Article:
Baz Luhrmann’s “The Great Gatsby” got me thinking about what makes a soulmate.
Picking out Daisy’s green light at the end of his dock, Gatsby has “orgastic” dreams of romping “like the mind of God,” of listening to “the tuning-fork that had been struck upon a star.” Daisy, in Gatsby’s mind, is his soulmate. She catches something boundless in his imagination that Fitzgerald likens to the Old World explorers’ discovery of our shores.
Anyone who has fallen in love knows this larger-than-life feeling: at long last you’ve met someone amazing, someone unlike anyone you’ve ever known. Someone who seems to have transformed your world from black and white to color.
But that intensity alone is not enough to make a person your soulmate. A real soulmate also gives you a feeling of deep understanding. He or she really gets you. Like musicians in a band, you tune into each other. You finish each other’s sentences.
And because of that deep understanding, soulmates are comfortable being who they really are. There’s an ease about connecting, a sense that you can be vulnerable with each other. You’re dazzled, yes, but the paradox is that at the same time you can be yourself.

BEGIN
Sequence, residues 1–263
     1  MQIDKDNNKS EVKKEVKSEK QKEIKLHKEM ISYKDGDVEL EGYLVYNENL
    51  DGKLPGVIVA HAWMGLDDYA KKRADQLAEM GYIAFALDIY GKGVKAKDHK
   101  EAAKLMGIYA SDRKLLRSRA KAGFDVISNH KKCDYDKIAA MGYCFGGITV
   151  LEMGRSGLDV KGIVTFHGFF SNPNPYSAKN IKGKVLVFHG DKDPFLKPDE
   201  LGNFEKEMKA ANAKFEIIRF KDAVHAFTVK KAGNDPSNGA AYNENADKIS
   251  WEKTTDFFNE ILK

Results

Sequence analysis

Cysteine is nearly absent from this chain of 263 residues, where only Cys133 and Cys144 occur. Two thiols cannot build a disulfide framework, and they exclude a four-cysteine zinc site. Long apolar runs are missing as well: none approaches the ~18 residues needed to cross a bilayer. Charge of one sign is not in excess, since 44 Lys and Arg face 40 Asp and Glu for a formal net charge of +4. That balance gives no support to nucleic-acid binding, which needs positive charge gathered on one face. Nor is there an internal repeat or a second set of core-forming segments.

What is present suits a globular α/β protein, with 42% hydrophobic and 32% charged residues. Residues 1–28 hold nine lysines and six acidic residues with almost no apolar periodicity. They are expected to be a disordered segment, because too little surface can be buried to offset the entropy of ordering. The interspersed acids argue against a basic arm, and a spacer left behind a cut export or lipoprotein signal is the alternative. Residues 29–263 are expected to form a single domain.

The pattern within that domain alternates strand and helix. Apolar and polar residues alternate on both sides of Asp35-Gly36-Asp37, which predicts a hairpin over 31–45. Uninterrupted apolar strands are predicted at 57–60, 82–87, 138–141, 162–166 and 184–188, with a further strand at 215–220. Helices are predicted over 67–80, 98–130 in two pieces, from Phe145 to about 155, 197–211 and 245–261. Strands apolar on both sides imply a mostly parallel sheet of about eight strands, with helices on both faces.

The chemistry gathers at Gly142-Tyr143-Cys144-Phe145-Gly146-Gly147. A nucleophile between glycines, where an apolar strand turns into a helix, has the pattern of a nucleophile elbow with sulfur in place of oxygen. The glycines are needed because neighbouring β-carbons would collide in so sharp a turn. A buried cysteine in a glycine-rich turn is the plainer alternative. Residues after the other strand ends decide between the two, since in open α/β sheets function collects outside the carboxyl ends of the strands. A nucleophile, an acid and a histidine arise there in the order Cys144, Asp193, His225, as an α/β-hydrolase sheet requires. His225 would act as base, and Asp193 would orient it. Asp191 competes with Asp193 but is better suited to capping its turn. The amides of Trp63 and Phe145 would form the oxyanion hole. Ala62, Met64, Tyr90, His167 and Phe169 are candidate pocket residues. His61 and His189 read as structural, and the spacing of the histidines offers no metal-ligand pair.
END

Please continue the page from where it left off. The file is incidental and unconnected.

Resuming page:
That being-yourself part matters a lot, because one day even soulmates run into conflict and rough patches. (Your true soulmate will challenge you right at your own growing edge, but that’s a whole other blog post.) When tough times come, partners need the down-to-earth capacity to work things through, to be both loving and honest. Learning that takes courage and practice. You don’t just meet your soulmate; over months and years, you grow into soulmates.
Gatsby and Daisy never forge that deeper connection. Only Nick, the narrator, recognizes the truth about Daisy, her voice “full of money,” her “vast carelessness.” Gatsby never sees beyond his infatuation, and Daisy’s interest, in the end, is in herself.
When a couple come in for counseling, I always ask them how they met and what attracted them to each other. Often — even though they’re frustrated and disappointed in their relationship — they turn to each other and smile at the memory of those early days. And that tells me something important: they felt like soulmates once, and having shared that profound discovery, they are probably willing to work at finding a way back to each other.
More of my blog posts on soulmates:
“When the Diaper Pail’s Overflowing, Who Cares About Being Soulmates? my latest “Working Marriage” post on the Working Mother magazine site;
- “From Soulmates to Separating! What Happened? on YourTango
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